Here in Iasi, the technical university and the “physical sciences” university main buildings appear to be separate – with separate entrances. Once you’re inside though, you can see that a long colonnaded hallway connects them – a hallway known as “The Hall of Lost Steps.”
The first time I came to Iasi, I had no idea that there was more to the hallway than I realized. At some point, one of my colleagues asked me, “Have you seen the paintings in the hall?” “What paintings???” “Let’s go back downstairs for a few minutes.”
There are paintings, but they are well-hidden. Along the colonnaded hallway, there are arched niches that contain many strikingly beautiful (and deeply allegorical) paintings.
More below the fold.
Some of these paintings are abstract, some are less so. I’ll include some of them below, and make comments when they are useful.
(As on Sunday, all the photos are clickable to allow viewing of the full-sized versions, in order to see more details.)
In this one, Stefan cel Mare still stands guard over Moldavia.
This one is highly allegorical. The “symbol” of Moldavia is the face of a bull; so the little girl riding a bull is somehow supposed to represent the strength of Moldavia.
This one is somewhat bizarre; the legend refers to a “church” but the origin of the legend goes back to pre-Christian times. A group of builders were charged with building a temple, but they kept encountering difficulties that were stopping and ruining the work. Frustrated by the inability to make progress, they consulted someone who was supposed to know about such things; he told them that they would be unable to complete the building of the temple unless the particular wife of one of the particular builders was walled up alive inside the walls of the temple as it was constructed. They did and they managed to finish the building of the temple. But the painting explains the “cost” very clearly.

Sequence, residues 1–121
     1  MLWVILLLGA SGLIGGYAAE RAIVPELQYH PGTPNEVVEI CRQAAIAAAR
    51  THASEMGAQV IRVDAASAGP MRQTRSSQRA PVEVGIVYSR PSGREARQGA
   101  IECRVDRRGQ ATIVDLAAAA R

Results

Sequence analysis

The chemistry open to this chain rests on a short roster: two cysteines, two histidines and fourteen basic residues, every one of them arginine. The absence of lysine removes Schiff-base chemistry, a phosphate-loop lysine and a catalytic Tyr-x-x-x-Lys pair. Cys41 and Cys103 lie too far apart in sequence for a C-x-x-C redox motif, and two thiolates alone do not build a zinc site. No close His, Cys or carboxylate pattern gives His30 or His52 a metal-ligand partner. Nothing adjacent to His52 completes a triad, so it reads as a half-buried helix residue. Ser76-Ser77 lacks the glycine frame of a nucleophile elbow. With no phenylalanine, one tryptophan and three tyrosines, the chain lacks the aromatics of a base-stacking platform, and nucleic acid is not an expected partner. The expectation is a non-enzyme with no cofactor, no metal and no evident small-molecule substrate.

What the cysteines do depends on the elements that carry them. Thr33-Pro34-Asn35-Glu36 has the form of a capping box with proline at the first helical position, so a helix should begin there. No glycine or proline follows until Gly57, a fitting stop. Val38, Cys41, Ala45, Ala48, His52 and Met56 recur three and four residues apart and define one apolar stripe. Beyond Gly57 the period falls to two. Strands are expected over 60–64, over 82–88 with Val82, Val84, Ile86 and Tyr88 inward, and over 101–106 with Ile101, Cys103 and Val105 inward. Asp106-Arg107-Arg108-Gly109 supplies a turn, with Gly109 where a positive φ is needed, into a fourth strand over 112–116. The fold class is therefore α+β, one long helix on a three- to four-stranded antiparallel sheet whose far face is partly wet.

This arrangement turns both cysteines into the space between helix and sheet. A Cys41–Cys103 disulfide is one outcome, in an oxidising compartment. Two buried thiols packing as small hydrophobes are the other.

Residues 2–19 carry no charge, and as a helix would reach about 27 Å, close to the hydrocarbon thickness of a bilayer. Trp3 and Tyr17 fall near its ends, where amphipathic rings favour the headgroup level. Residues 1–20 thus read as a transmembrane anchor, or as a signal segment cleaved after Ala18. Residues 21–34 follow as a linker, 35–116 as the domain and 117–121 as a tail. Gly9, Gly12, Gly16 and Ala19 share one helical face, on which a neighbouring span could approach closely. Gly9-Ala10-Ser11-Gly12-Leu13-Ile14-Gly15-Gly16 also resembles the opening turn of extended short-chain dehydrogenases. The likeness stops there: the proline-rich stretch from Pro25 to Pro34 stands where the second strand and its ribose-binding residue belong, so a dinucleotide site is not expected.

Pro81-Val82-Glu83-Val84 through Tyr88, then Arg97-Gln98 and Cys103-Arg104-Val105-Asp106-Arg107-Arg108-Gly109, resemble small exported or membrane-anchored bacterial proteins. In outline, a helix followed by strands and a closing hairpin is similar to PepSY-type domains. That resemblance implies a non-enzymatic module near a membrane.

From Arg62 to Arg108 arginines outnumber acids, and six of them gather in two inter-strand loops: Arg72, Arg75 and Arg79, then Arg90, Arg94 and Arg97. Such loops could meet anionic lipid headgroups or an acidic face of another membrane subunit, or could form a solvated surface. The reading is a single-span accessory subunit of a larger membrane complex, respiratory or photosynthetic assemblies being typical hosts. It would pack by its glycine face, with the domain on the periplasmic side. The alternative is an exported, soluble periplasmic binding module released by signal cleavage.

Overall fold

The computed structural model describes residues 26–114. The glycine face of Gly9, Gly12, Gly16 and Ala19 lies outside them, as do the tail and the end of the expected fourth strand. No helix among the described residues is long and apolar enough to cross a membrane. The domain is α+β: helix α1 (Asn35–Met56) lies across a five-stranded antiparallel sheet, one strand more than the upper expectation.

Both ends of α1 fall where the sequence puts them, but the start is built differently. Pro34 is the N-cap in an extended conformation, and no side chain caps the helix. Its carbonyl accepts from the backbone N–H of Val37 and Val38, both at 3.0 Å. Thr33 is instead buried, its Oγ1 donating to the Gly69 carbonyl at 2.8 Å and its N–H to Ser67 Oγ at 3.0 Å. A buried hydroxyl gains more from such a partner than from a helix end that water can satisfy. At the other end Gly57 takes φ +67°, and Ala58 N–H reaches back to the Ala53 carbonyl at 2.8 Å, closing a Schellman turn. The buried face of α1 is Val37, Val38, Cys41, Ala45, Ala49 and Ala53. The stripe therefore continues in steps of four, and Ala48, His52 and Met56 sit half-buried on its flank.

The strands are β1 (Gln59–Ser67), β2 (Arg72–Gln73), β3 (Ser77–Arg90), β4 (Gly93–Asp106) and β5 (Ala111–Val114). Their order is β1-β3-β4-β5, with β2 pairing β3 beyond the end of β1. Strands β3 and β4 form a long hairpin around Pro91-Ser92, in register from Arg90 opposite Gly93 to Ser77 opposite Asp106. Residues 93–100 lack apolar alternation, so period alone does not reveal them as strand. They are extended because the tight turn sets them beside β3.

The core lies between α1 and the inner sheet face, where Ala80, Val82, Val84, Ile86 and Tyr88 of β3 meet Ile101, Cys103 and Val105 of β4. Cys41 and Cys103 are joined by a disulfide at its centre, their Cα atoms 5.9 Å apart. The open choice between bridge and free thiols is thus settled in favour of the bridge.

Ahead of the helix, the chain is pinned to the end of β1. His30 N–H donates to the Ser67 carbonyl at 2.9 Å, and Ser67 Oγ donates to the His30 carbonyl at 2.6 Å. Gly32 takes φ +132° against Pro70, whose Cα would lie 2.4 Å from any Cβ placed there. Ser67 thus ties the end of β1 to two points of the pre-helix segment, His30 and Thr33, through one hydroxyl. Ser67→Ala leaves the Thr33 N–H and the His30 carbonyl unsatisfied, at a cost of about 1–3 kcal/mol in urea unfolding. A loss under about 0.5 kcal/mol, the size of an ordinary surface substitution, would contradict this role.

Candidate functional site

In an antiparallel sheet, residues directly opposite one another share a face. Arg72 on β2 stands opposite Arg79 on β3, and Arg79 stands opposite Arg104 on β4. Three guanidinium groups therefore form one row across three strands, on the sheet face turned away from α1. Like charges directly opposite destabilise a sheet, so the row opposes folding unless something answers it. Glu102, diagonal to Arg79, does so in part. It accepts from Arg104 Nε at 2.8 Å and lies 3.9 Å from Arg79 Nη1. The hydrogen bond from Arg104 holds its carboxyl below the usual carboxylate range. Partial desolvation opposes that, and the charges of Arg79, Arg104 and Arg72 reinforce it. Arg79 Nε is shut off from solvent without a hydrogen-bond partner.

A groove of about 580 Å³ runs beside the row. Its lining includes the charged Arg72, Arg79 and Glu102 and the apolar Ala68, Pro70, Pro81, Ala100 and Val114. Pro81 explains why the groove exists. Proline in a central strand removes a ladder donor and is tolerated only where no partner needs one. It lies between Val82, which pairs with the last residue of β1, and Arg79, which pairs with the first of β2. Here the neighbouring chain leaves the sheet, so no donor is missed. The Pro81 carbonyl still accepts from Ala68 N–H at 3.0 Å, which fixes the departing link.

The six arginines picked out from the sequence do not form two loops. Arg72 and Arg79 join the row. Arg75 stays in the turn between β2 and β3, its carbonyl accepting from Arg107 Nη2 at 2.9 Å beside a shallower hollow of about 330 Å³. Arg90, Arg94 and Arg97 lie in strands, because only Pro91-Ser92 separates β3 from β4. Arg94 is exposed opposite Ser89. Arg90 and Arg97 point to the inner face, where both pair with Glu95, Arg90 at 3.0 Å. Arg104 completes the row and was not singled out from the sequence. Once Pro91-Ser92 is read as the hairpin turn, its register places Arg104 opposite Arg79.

This one is based on some legend about a woman who was punished by being turned into a mushroom-shaped stone pillar, but I don’t recall the details.
This last one is a compilation on canvas of the “heroes” of the long sweep of Romanian and Moldavian history. The gent glowering down from the very top is a great king of Dacians – the tribe that lived in what is now Romania at the time of the Roman conquest. In the middle are heroes of the medieval Moldavian kingdom – including (of course) on the right Stefan cel Mare. At the bottom are Moldavian peasants.